Gift of 100 pennies leads to building a church in Zimbabwe

Gift of 100 pennies leads to building a church in Zimbabwe

Rev. Sam Dzobo and Amy Carmon stand in front of the newly constructed Dzobo United Methodist Church in Zimbabwe.


BEAN STATION, Tenn. -- Jo Hatfield didn’t have a lot of money. But she was inspired to do something when her pastor preached about his dream of building a church in Zimbabwe.

“She came home talking about it. She was really fired up,” remembers her daughter, Kendra Lynch.

The next time Hatfield went to church, she took two rolls of pennies, valued at $1, and gave them to the Rev. Sam Dzobo. Her donation was the first to kick off a six-year mission campaign that Mary’s Chapel United Methodist Church saw completed this summer.

With about 35 in average worship attendance, Mary’s Chapel sent $48,000 over six years to build a United Methodist church in Dzobo Village, outside of Mutare, Zimbabwe.

“What a beautiful story about what a little church in Grainger County has done,” says Dzobo, pastor of Mary’s Chapel from 2014 until July 2022.
 
Rev. Sam Dzobo

At age 47, Dzobo has been preaching since he was 16. For the last 14 years, he has served churches in the Holston Conference. His home is Dzobo Village in Zimbabwe, named after his extended family. Until Mary’s Chapel sent enough money to break ground for a new building in 2016, Dzobo United Methodist Church met in a classroom for many years.

“My desire was to bless my home church with a sanctuary where they can gather together," Dzobo said.

Amy Carmon “didn’t even have a passport” when her pastor first suggested she travel to Zimbabwe to witness the new church under construction.

“I had never been out of the country before I went to Zimbabwe,” says Carmon. Like other members of Mary’s Chapel, she was moved by Dzobo’s testimony of how, as a child, he had been invited into the fold of a United Methodist church after he heard singing from the windows of a school. The act of hospitality changed his life.

“We could see his dream,” says Carmon, who has since joined Dzobo four times on mission trips to Zimbabwe. “We started praying about it, and we kind of grew from there.”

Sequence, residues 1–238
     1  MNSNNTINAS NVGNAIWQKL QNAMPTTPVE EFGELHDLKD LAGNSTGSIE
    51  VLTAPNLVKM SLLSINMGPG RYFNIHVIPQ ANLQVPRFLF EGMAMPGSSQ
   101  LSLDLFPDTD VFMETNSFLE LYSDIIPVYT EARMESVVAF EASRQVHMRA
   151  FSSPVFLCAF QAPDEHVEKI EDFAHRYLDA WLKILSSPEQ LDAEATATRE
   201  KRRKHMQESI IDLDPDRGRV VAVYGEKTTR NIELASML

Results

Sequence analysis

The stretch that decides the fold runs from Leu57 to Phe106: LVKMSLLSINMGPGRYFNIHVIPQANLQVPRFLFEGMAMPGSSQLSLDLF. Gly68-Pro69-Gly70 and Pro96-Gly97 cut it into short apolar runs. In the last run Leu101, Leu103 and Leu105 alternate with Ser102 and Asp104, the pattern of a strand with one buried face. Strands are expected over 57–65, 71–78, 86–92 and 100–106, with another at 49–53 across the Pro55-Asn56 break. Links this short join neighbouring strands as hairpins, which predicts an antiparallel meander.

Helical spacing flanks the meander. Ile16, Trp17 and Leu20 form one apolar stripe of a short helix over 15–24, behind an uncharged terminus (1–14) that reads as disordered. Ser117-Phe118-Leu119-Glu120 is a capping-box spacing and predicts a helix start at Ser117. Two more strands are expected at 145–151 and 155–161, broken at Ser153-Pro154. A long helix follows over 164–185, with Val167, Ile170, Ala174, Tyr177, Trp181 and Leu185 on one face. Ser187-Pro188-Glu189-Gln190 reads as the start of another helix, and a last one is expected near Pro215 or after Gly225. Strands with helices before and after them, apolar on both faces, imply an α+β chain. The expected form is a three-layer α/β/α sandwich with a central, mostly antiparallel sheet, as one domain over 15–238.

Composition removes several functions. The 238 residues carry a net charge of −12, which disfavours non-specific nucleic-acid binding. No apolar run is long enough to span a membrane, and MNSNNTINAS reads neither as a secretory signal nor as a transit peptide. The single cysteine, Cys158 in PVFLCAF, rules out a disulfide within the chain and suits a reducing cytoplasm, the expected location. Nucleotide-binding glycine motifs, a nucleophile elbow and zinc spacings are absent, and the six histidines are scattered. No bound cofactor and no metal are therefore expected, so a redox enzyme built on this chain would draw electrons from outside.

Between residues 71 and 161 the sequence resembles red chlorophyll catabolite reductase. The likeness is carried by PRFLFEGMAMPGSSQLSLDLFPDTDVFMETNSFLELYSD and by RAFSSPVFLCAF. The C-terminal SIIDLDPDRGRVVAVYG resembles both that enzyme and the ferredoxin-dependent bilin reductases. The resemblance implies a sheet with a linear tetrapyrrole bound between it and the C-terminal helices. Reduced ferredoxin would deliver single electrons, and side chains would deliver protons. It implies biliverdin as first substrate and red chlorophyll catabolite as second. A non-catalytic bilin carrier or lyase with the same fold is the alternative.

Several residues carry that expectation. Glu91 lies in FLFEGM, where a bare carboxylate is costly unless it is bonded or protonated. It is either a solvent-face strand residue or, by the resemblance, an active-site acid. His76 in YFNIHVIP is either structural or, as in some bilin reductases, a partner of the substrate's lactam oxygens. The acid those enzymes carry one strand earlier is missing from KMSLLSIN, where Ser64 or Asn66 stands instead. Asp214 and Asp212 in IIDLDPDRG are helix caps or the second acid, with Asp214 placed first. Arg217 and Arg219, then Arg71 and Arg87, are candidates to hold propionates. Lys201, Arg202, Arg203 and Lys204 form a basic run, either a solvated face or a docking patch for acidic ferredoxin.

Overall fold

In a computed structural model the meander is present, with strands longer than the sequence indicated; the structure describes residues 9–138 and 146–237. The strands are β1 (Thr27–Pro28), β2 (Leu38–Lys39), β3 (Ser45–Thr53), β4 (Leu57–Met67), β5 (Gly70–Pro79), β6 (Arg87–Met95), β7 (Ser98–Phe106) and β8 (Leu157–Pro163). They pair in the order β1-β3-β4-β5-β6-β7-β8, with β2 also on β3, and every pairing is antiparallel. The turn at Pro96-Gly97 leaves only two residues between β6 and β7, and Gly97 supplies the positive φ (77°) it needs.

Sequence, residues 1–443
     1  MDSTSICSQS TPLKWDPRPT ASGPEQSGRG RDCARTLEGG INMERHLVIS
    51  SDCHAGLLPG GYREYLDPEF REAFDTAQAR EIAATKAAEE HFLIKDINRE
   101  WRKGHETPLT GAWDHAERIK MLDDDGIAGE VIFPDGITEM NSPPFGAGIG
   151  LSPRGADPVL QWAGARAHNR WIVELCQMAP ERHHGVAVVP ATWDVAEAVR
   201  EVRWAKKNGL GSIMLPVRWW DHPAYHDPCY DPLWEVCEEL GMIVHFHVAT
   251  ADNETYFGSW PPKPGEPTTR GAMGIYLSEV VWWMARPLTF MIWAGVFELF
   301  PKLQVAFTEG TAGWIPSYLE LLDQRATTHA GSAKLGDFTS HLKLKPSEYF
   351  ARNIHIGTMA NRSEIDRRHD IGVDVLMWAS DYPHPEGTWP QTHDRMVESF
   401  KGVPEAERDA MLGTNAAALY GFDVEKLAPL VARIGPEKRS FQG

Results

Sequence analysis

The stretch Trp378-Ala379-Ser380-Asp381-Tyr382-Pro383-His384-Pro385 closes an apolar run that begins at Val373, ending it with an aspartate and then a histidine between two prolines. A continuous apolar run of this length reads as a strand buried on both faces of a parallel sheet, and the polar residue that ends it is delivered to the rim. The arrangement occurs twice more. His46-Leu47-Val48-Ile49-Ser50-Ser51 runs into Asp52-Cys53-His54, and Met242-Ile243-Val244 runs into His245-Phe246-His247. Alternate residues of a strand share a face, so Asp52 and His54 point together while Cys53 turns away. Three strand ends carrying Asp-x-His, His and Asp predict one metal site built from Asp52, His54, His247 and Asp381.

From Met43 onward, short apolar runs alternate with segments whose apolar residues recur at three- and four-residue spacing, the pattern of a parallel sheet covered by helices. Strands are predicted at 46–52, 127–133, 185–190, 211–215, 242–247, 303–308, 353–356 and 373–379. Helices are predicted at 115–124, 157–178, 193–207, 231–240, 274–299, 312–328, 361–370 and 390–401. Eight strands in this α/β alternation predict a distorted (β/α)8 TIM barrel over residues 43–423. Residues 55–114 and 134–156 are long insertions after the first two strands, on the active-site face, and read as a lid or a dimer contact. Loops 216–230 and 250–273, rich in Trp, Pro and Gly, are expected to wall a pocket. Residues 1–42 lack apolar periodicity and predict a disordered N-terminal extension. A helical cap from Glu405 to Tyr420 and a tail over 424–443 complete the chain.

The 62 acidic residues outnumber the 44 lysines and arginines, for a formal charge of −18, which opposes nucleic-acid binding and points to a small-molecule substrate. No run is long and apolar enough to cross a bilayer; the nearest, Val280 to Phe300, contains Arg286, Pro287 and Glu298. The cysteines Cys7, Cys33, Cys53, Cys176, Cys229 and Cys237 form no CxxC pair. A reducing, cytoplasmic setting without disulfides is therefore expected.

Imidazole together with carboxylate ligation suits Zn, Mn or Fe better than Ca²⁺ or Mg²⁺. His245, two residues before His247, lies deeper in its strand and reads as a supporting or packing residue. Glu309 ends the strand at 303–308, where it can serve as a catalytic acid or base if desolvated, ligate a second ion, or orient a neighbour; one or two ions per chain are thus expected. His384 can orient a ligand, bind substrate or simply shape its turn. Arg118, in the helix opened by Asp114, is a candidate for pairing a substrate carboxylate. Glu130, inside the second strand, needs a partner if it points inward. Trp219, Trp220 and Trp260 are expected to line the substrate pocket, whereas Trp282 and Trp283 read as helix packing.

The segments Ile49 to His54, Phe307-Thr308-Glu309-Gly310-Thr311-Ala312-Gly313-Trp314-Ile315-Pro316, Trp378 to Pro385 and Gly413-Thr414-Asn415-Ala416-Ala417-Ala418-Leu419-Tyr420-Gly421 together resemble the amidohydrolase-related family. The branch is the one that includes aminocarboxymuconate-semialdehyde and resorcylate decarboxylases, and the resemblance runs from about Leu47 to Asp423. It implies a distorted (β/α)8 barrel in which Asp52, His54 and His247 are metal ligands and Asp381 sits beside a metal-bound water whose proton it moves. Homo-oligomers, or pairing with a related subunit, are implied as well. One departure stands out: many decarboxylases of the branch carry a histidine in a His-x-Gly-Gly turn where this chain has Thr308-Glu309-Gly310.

Mary's Chapel UMC in Bean Station, Tennessee
 

Year by year, Mary’s Chapel members gave what they could toward the construction of the church in Africa. Jo Hatfield “religiously” saved all the money she could for the project, particularly pocket change. “If you were around her and if you had any change, she said, ‘Let me have that,’” her daughter said.  

Mary Good, an artist and church member, created a little Zimbabwean church replica to keep the vision before the congregation. The artistic reminder still rests on the altar today.

The Rev. Chris Brown traveled with a Holston mission team to Zimbabwe twice while the Dzobo church was under construction. Inspired by what Mary’s Chapel was accomplishing, Brown’s church gave $5,000 to help put the roof on. Brown is pastor at Colonial Heights United Methodist Church in Kingsport, Tennessee.  

“So many churches are just trying to survive,” he said. “But if Mary’s Chapel can build a church in Zimbabwe, it should be an example to other churches that they, too, can do anything.”
The little church that rests on the altar


This past August, Carmon made her most recent trip to Zimbabwe, after a two-year gap caused by the COVID pandemic. “The tears started rolling down” when she finally laid eyes on the completed church. The builders, selected because they were skilled residents of the village, had finished the project just two days prior.  

Carmon and Dzobo had their pictures taken in front of the beautiful, gleaming church. “Where we started and where we are now is a blessing, and our small church did it,” Carmon said.

One month before visiting the finished church in his homeland, Dzobo was reappointed to Shady Grove United Methodist Church in Dandridge, Tennessee. He is so proud of his former congregation in Bean Station, Tennessee, and the gift they gave to his home village.

“Sometimes we say the church is not a building, it’s the people. But in context, the building is a place of identity, a place to belong, a place to grow,” Dzobo said.

Dzobo United Methodist Church now has seating for 250 people. A well dug by Good Shepherd Ministries of Chattanooga, Tennessee, provides much-needed water during a season of drought, so that “when people come to church, they can also get water,” Dzobo said.
Jo Hatfield


Jo Hatfield didn’t live to celebrate with Mary’s Chapel over the completion of the church in Zimbabwe. In November 2021, she died of COVID at the age of 82.

Hatfield still had one more gift to give, however. Her daughter donated her mother’s huge collection of books to Mary’s Chapel for a yard sale benefiting the church in Zimbabwe.

“She loved to read,” explained Lynch. “My mother grew up very poor – she left school in eighth grade – and everything she knew was what she learned in books. Those were her treasures.”



Sign up for a free weekly email subscription to The CallHolston Conference includes 842 United Methodist congregations in East Tennessee, Southwest Virginia, and North Georgia. Holston Conference's main offices are located in Alcoa, Tennessee.

Author

Annette Spence

Annette Spence is editor of The Call, the Holston Conference newspaper.

Related News

The Rev. Sam Dzobo in Talbott, Tenn.:
Pastor from Zimbabwe prays for his nation, church

  TALBOTT, Tenn. (Dec. 11, 2017) -- The Rev. Samuel Dzobo lives off a little country road and is the pastor of two small-town congregations in east Tennessee. At Christmastime, he’s busy with all the things preachers are busy with: Worship, ...